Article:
1 year, 4 months ago
We’ve discussed the excuses for the failure to respond to the assault on the consulate (or “special mission,” as the Ambassador called it).
- The only other assets immediately available were F-16 fighter jets based at Aviano, Italy. These aircraft might have reached Benghazi while the fight at the Annex was still going on, but they would have had difficulty pinpointing hostile mortar positions or distinguishing between friendly and hostile militias in the midst of a confused firefight in a densely populated residential area where there would have been a high likelihood of civilian casualties.
- There was no AC-130 within a continent’s range of Benghazi.
- “We didn’t have forewarning of this tragic event in Benghazi,” Little said. “The entire U.S. government was starting from a cold start.”
- We were preparing for a hostage situation.
We can now add to list of excuses this one.
Sources who have debriefed the team that was at the CIA annex the night of the attack in Benghazi say that the CIA operators from the Global Response Staff, or GRS, were equipped with Mark 48 machine guns and had two types of laser capability. Each weapon had both a “passive” as well as a “visible” laser that could be used against the Libyan attackers.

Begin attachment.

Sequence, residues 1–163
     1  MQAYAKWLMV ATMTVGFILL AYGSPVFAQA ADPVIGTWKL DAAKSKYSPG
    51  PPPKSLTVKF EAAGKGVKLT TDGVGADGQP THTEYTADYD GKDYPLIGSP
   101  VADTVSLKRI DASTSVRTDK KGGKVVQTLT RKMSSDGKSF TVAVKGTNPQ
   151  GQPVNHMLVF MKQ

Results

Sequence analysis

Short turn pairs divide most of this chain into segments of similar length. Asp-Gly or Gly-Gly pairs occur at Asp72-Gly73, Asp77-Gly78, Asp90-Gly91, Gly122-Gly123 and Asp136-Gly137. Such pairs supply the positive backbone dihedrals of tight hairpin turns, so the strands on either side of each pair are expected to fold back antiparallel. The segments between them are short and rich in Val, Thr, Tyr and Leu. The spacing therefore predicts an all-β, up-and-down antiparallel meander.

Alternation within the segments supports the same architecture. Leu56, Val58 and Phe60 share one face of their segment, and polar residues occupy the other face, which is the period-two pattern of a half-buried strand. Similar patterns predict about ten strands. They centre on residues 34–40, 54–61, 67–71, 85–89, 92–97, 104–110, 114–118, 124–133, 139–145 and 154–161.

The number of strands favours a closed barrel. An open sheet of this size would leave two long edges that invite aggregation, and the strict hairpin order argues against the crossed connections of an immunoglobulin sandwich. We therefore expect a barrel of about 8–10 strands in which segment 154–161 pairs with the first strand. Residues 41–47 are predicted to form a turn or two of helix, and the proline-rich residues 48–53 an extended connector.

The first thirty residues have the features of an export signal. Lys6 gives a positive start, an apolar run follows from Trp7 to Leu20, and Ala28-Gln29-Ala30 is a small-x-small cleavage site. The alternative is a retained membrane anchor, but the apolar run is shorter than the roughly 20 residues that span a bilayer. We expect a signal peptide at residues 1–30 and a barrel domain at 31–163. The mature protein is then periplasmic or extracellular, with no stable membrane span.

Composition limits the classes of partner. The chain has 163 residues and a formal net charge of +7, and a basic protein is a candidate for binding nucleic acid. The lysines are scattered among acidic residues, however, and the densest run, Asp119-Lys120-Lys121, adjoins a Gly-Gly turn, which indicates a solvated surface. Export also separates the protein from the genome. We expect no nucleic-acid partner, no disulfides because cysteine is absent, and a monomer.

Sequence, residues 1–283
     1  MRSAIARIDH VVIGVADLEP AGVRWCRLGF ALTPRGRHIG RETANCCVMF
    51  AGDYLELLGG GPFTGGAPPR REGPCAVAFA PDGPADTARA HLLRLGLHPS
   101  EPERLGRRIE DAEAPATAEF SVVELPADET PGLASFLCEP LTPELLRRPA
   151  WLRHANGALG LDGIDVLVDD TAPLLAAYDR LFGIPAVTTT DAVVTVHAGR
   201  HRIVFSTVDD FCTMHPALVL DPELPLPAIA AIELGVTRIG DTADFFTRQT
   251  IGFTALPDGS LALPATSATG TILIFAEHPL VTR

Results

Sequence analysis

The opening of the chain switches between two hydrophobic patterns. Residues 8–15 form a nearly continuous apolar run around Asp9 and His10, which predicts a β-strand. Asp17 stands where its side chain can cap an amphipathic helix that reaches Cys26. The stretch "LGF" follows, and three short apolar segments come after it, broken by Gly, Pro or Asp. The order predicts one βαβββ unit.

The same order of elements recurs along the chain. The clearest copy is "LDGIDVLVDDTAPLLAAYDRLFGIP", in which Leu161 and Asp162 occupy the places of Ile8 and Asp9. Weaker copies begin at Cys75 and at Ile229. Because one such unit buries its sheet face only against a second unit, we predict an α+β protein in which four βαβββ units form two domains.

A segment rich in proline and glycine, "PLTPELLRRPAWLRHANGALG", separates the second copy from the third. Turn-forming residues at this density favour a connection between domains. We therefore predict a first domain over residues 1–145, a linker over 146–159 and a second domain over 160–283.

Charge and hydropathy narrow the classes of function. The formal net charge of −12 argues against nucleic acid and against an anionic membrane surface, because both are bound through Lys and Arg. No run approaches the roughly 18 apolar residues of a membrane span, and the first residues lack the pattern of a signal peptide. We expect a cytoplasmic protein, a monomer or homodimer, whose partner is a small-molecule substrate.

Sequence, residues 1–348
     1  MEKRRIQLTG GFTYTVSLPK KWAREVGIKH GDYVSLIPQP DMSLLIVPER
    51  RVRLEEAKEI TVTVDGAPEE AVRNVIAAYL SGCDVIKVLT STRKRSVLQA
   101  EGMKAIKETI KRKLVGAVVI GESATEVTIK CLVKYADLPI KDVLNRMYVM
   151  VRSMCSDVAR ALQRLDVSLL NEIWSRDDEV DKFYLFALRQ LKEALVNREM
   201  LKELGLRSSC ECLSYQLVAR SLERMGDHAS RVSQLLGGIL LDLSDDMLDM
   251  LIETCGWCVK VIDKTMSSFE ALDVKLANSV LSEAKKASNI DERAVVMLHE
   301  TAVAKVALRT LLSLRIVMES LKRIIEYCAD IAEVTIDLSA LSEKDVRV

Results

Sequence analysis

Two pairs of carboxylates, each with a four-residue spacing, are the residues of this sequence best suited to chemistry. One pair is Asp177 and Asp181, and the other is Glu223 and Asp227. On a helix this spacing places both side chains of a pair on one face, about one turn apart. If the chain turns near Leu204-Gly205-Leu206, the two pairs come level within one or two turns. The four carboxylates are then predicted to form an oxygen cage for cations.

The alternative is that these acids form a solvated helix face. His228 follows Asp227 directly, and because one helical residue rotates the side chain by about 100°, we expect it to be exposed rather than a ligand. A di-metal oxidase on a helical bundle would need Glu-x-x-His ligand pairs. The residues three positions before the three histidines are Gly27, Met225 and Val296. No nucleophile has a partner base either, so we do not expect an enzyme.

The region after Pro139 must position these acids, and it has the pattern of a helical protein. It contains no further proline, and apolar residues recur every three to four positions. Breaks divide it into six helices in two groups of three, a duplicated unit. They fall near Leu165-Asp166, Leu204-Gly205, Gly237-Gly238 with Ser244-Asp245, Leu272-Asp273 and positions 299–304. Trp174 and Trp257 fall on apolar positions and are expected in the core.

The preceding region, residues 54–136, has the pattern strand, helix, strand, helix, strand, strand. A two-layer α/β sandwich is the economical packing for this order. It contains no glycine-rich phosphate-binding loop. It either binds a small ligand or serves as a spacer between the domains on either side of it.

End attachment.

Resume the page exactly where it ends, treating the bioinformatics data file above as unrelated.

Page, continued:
The presence of laser capability on the roof of the CIA annex confirms what Fox News sources that night in Benghazi originally said, which is that they had laser capability and for 5 hours and 15 minutes were wondering where the usual overhead air support was, especially since, according to this source, they radioed from the annex beginning as early as midnight asking for it.
The presence of lasers raises more questions about why air support was not sent to Benghazi even protectively once it became clear that the fighting had followed the CIA rescue team back to the annex.
U.S. military officials say they “thought the fighting was over” after the team left the consulate and that there was a lull in the fighting.
[ ... ]
A source present the night of the attack says that the GRS team that was defending the annex asked where the air support was at midnight. Former SEALs Tyrone Woods and Glen Doherty were killed 5 hours and 15 minutes later.
Forget for a moment the inherent contradiction in these excuses (see prior articles). They didn’t have the assets, but even if they did, they were prepared for something else (i.e., a hostage situation), but even so, we were all caught with our pants down, but even with our pants down, we had moved assets to the area, but then, F-16 fighters in Europe were not on alert (I could be wrong about this, but deployed fighter pilots are able to be reached, just like SEALs are within pager distance), and so on. It’s the leaky bucket problem, and ten of them still leak even when used together.
“Thought the fighting was over.” There you have it. What reason could there possibly be for concluding anything whatsoever at this point? How could military and national security professionals concoct such strange, bizarre tales?